This assumes that you have already installed OpenSSL on your system.
This assumes you've already created a private key, such as example.com.key. If not, refer to our article on creating a private key.
Certificate Signing Request (CSR)
A CSR file is not required to be able to create a new certificate. However, if you have not created a CSR file, you will be prompted for input when creating the public certificate. If you want to avoid being prompted for values, refer to our article on creating a CSR.
Public certificate (aka X.509)
The public certificate is what is provided to the clients. There is a mathmatical relationship between the public certificate and private key. Both are needed in order for encryption to work.
Interactive Prompt Method
If you have not created a CSR file, then you will prompted for values during the creation of the public certificate. In this example, a public certificate named example.com.crt will be created. Both .crt and .pem are valid file extensions for the certfificate.
openssl x509 -req -days 365 -sha512 -signkey example.com.key -out example.com.crt
If you have created a CSR file, then you will not be prompted for values during the creation of the public certificate. In this scenario, you would use the -in option followed by the csr file. The public certificate will contain the values specified in the CSR file. This is what it means to sign the certificate. Both .crt and .pem are valid file extensions for the certfificate.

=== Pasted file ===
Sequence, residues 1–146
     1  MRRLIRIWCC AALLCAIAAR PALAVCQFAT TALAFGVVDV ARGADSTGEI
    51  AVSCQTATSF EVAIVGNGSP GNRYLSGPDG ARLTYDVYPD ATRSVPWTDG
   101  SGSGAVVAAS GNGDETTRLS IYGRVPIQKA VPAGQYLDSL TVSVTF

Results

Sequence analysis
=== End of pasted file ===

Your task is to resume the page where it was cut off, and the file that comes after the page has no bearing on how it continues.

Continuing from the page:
openssl x509 -req -days 365 -sha512 -signkey example.com.key -in example.com.csr -out example.com.crt
Let's say your CSR file contains extensions, like this.
x509v3 extensions: x509v3 Subject Alternative Name: DNS:example.com
The -extensions option will need to be included to pass the extensions from the CSR file to the public certificate file. In this example, the extensions in the CSR file are passed into the certificate.
openssl x509 -req -days 365 -sha512 -signkey example.com.key -in example.com.csr -out example.com.crt -extensions v3_ext -extfile example.com.config
The x509 option with the -in -text and -noout flags can be used to view the contents of the public certificate file.
openssl x509 -in example.com.crt -text -noout ... Signature Algorithm: sha256WithRSAEncryption Issuer: C=US, ST=WI, L=Appleton, O=Example, OU=Example, CN=www.example.com/emailAddressfirstname.lastname@example.org Not Before: Jul 15 03:06:31 2017 GMT Not After: July 15 03:06:31 2018 GMT Public Key Algorithm: rsaEncryption Public-Key: (2048 bit)
Using the public / private key pair
You can now use the public certificate and it's corresponding private key. In this example, the private key and public certificate are placed on the web server. The CSR file is not used by the web server.
Internet facing production applications should use a certificate from a trusted CA, such as verisign.com. For non-production applications, a self-signed certificate can be used. Applications, such as a web browser, will complain when a self-signed certificate is used.
When the client navigates to an HTTPS page, the client will request the public certificate from the web server, and then the public certificate will reside on the clients browser for a period of time. The public certificate on the client and the private key on the server are what is used to encrypt the packets that are exchanged between the client and server over the internet.
The certificate can be viewed by the client.